Slidell, Louisiana was founded around 1882 during the construction of a major new railroad from New Orleans to Meridian, Mississippi, connecting there with Cincinnati, Ohio, and eventually with New York, NY. The New Orleans and Northeastern (n.o.n.e.) Railroad established a building camp at first high ground north of Lake Pontchartrain which eventually grew into the city.
Slidell was chartered as a town in 1888 by the Louisiana legislature. The Salmen Brick Company was one of the largest producers of bricks in the South. The Salmen family, who were from Switzerland, established their brick plant and sawmill after realizing the potential of Slidell as an industrious prospect.
1st Population Boom
In 1910, the Salmen Company employed a total of 800 people. The Salmen’s general store had twenty clerks. The “Commissary”, as it was called, located at Front Street and Cleveland Avenue was the largest merchandise store in St. Tammany Parish.
Salmen Town was developed with the increase of commerce resulting from Salmen’s industries. Because of the booming economy, the need for religion, social gatherings, and education were realized by the ladies of Slidell. The Ladies Aid Societies and Missionary Societies had fundraising events to raise funds for the building of churches and schools in the area. Brickmaking, lumber mills, shipbuilding, and service commerce were the main forces of Slidell’s economy until 1930.
NASA’s John C. Stennis Space Center
In October 1961, a historic announcement was made: the federal government had selected an area in Hancock County, Miss., to be the site of a static test facility for launch vehicles to be used in NASA’s Apollo manned lunar landing program. It was the largest construction project in the state of Mississippi and the second largest in the United States at that time. John C. Stennis Space Center is a quick, 20-minute commute from Slidell making it the perfect spot for families to build their homes. It provided the new wave of employees with all of the conveniences of a small city, quick access to their place of work, and quick access to a major city, New Orleans. The Stennis Space Center still provides this area with 100s of job opportunities.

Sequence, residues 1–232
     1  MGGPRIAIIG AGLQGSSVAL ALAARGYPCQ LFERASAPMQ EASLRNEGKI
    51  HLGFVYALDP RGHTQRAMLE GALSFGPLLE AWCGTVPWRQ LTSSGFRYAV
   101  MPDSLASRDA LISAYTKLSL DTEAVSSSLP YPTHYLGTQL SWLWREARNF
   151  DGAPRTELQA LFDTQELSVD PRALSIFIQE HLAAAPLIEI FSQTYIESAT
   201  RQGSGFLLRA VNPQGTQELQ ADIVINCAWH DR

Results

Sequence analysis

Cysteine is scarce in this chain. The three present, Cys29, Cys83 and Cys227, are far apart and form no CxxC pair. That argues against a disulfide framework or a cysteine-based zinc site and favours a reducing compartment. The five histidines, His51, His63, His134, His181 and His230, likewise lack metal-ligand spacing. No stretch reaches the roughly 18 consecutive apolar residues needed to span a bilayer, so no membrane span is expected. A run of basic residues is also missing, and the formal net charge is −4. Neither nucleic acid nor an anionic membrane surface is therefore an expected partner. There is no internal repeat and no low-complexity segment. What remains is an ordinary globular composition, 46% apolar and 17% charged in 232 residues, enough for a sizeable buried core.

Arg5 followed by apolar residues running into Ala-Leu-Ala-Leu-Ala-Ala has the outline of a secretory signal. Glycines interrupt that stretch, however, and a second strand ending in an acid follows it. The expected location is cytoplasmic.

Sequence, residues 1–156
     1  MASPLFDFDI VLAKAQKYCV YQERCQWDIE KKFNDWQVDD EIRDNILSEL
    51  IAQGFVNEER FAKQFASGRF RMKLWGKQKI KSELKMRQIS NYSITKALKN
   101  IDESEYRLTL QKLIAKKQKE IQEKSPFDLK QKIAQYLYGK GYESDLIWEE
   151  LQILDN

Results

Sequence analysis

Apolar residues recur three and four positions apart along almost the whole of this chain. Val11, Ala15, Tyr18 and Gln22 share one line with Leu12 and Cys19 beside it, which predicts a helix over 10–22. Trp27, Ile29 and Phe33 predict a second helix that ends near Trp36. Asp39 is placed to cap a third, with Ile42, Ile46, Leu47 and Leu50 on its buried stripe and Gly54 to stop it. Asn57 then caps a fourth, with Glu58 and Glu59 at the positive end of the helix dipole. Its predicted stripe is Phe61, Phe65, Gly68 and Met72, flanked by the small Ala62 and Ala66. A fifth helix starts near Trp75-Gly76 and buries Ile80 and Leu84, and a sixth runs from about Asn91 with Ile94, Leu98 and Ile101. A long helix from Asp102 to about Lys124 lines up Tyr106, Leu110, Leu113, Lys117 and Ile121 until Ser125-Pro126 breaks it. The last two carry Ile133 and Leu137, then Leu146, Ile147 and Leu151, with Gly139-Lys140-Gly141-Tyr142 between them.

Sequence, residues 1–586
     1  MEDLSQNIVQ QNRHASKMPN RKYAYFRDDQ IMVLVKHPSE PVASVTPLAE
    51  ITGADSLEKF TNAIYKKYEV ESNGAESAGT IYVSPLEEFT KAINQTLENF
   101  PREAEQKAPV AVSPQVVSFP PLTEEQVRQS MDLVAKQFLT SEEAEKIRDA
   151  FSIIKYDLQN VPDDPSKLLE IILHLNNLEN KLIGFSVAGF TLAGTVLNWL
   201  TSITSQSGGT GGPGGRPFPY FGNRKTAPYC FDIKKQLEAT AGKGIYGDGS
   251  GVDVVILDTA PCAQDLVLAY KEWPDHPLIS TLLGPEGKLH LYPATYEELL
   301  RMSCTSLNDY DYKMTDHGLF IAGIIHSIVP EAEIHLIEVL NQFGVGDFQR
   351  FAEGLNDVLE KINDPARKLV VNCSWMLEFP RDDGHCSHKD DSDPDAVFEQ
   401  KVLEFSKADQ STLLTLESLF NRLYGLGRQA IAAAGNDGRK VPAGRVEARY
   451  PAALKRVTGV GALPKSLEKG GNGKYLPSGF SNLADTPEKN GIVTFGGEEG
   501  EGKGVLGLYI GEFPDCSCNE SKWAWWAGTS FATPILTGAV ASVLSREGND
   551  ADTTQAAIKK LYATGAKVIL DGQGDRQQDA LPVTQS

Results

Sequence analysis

NASA’s Michoud Assembly Facility
NASA’s manufacturing complex, The Michoud Assembly Facility, located in New Orleans began construction on NASA’s Space Shuttle external tank. The Michoud Assembly Facility in New Orleans is a quick, 20-minute commute again making Slidell the perfect location for people to live, work, and play. Since 100s of jobs were created during this time, there was a huge influx in the population of Slidell. The Michoud Assembly Facility still provides this area with many job opportunities.
On August 29, 2005, Slidell was hit by one of the worse hurricanes in U.S. history, Hurricane Katrina. Although parts of the city experienced significant damage, Slidell also became a new home to 1000s of families who had a total loss in New Orleans and cities like Chalmette that lie on the outskirts of New Orleans.